Thursday, October 7, 2010

Academic View: The Myth of Corporate Transparency

Via Newsbook @ The Economist.
Companies, then, struggle between two extremes. On the one hand, full disclosure about the features of products and services; on the other a minimum compliance with national legislation. Unfortunately, each represents a serious threat to both corporations and stakeholders. Full transparency is always associated with “data asphyxia”. Have you ever read the seven-point, 50-page text in your bank contract? On the other hand, strict compliance with national legislation minimises access to information that is relevant and which some stakeholders would be interested in: ask vegans how they felt when they discovered that McDonalds “forgot” to report that its French fries contained milk.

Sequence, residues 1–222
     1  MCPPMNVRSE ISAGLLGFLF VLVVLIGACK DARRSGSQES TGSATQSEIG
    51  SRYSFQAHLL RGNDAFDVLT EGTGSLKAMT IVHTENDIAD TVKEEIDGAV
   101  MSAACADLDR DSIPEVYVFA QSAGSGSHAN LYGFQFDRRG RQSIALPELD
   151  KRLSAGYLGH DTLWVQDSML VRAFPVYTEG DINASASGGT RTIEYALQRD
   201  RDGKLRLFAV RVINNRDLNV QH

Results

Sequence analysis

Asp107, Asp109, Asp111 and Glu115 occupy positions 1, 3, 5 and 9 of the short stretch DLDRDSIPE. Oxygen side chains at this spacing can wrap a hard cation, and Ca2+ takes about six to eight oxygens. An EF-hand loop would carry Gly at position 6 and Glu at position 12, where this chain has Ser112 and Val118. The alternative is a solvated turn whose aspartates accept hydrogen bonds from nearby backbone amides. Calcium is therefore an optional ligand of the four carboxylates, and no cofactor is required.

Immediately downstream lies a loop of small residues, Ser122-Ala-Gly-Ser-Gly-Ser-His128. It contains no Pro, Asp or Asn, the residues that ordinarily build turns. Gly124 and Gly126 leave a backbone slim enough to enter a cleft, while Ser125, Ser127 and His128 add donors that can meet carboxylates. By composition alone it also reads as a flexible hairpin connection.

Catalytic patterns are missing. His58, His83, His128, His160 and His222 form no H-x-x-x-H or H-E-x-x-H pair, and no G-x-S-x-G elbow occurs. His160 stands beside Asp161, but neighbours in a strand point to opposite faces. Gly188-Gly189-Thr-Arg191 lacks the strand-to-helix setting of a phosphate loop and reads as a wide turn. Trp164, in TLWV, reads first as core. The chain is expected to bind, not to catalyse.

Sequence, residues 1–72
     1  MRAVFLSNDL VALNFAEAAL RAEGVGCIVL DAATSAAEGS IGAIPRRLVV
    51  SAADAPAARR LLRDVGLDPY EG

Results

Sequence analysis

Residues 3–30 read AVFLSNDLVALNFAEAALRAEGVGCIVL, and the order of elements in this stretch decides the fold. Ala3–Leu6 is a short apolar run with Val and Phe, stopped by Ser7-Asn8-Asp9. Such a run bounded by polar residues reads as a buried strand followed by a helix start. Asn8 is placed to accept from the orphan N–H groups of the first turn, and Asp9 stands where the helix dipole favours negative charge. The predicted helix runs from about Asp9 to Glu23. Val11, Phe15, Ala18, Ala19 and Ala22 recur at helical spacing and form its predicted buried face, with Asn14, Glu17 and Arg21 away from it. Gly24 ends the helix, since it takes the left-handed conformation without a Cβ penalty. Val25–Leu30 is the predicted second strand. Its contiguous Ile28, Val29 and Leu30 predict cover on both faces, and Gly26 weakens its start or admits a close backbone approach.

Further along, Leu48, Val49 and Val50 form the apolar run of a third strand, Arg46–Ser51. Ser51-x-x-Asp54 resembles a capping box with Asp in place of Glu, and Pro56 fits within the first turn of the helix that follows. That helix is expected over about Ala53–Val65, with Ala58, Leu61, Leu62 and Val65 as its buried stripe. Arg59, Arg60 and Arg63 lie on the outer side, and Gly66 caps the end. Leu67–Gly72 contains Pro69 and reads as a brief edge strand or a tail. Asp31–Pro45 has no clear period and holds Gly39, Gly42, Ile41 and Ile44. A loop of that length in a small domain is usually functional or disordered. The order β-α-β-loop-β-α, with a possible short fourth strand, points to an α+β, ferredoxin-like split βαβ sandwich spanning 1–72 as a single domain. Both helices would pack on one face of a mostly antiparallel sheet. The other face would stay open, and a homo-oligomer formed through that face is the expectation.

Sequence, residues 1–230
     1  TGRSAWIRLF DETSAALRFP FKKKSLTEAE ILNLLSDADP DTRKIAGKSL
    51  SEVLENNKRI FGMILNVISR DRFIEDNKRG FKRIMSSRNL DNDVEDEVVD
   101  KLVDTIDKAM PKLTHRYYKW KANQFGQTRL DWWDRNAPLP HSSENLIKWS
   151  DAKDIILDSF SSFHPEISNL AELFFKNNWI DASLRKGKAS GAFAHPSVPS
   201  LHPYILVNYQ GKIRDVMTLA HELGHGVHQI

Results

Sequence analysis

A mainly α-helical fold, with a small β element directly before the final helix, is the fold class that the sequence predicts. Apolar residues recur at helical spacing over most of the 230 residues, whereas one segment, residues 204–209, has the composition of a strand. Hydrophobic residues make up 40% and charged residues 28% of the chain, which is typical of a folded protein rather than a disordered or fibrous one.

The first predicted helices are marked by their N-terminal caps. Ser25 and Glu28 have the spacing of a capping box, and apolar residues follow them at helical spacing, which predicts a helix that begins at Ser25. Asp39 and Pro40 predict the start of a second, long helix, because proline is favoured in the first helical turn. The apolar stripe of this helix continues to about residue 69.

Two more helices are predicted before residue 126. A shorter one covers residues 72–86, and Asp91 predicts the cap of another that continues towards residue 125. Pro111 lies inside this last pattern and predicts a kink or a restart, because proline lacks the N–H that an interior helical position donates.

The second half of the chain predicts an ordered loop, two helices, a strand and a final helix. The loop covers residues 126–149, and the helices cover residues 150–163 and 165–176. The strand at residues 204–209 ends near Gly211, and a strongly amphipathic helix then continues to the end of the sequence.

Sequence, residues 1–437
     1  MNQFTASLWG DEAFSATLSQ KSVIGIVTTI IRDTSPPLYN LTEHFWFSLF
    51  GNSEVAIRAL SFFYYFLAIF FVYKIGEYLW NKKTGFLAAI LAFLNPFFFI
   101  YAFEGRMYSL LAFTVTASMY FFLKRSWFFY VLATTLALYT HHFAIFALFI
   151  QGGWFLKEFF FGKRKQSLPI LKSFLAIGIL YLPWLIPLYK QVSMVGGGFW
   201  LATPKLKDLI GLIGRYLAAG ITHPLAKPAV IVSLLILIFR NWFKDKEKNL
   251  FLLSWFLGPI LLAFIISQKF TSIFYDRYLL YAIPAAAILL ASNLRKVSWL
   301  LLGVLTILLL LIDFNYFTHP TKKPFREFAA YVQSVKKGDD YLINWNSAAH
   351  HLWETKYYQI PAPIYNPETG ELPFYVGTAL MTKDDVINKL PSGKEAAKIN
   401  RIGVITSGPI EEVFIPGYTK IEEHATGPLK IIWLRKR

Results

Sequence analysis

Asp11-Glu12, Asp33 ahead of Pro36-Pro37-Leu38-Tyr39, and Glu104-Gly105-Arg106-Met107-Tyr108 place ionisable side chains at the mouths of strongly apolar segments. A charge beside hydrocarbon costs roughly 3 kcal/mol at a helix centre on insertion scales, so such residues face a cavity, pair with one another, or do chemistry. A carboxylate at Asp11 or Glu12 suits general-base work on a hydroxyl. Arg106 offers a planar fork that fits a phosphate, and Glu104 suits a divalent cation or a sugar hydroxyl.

It seems evident that a balance is required. But achieving that requires managers to construct a well thought out information strategy that takes account of quite a long list of economic, social and, yes, even ethical issues. Successfully addressing this ethical expectation is more than a source of competitive advantage; it is key to gaining the trust of employees, current and potential customers, partners, and even competitors. By the same token, attempts to hide potentially relevant information or, even worse, disclosing false or confusing information, could be catastrophic and companies in many sectors (from banking to biomedical) have experienced the heavy costs of being caught out in these dirty games.
Click Here to Read: Academic View: The Myth of Corporate Transparency

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